An hour west of Bakersfield just off Highway 58 you’ll find the small town of McKittrick. Where oil derricks appear at every turn, a community surviving off the success of the oil industry one that of course has struggled in recent years.
But it’s coming back and with it a lot of people are returning to the town of McKittrick.
Where are they going for a great meal, at a great place? The Penny Bar a place with a million pennies on the wall and the story of one husband and wife who never gave up on the town never gave up on the restaurant and it’s paying off big.
It was nearly 20-years ago Mike and Annie Moore moved back from Eureka, California settling in on the small town of McKittrick to be closer to family, and to live out their dream.
“For quite some time when we in a business we didn’t enjoy we talked about getting a bar,” Annie told us.
But when she and her husband opened that bar, Annie made one simple request. Take her beloved penny collection, and forever place it all around the bar.
“He started right here, and went that way,” Annie points towards the end of the bar. “He got the counter top all finished he sat back and relaxed, and I said well when are you going to finish it?”
Over the course of nearly a decade Annie’s husband placed penny, after penny and in every square inch of the bar.
Pennies cover the walls, the floors, entrance ways, bathrooms doors even an old television set that came with the building.
Now visitors will find more than a million pennies covering greeting them at the old country restaurant and bar.
Over the years some of those pennies have worn….and right around the same time a sudden drop in crude oil prices in 2014.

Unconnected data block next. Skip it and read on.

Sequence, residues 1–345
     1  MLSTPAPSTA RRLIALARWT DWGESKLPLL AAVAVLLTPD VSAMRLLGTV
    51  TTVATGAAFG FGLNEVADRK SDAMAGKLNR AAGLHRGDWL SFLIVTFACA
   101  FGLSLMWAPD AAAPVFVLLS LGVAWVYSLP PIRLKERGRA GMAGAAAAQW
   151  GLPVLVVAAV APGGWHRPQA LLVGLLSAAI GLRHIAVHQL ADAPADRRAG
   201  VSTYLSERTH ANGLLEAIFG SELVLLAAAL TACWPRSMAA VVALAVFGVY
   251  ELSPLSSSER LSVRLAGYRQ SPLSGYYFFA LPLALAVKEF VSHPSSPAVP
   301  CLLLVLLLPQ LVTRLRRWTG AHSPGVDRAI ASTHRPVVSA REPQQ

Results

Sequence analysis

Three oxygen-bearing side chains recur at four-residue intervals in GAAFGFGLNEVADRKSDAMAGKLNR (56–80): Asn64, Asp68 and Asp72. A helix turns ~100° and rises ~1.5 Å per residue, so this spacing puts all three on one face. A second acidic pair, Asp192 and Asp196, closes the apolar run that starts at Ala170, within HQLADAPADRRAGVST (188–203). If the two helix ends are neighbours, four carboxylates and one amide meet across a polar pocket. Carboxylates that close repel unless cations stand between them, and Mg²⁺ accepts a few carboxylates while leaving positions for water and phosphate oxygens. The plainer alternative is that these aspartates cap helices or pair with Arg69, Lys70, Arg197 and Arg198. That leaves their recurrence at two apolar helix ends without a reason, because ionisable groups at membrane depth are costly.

The town slowed down, which meant business slowed down at the bar and restaurant adjacent to it.
”They’re used to be the day you waited in line to get in here now you see what’s happened,” Annie says as she describes her restaurant that appeared to be slow.
But to Annie’s surprise and perhaps symbolic to the rising price of crude oil and renewed confidence in jobs returning to Kern County’s oil business…just 30-minutes after our conversation, every seat was taken.
A packed house enjoying a special day here, where ribeye steaks sizzle on the grill. “These are really popular, we have a secret way of doing this.”
Steaks cooked with love by Annie herself. “My technique is just to cook them like that, when I flip them I put a little magic sauce on them, flip them with the marks.”
Those special steaks with the special sauce always a hit with hungry oil field workers. Stephen Brunner says this is a special place. ”It’s a little oasis out here in the middle of no where, I think everybody out here in appreciative of this place,” Brunner said.
Appreciative of the place, and people who never lost touch of who they are serving.
“There are a bunch of really nice people out here,” Annie told us. “Especially the oil field workers which are almost extinct now, but they are slowly coming back.
Perhaps it’s fitting that pennies dawn every square inch of this small bar and restaurant on the outskirts of Kern County.
Often overlooked and forgotten pennies…just like these people are really priceless.
Just like the love story that has kept this Kern County staple strong for so many years.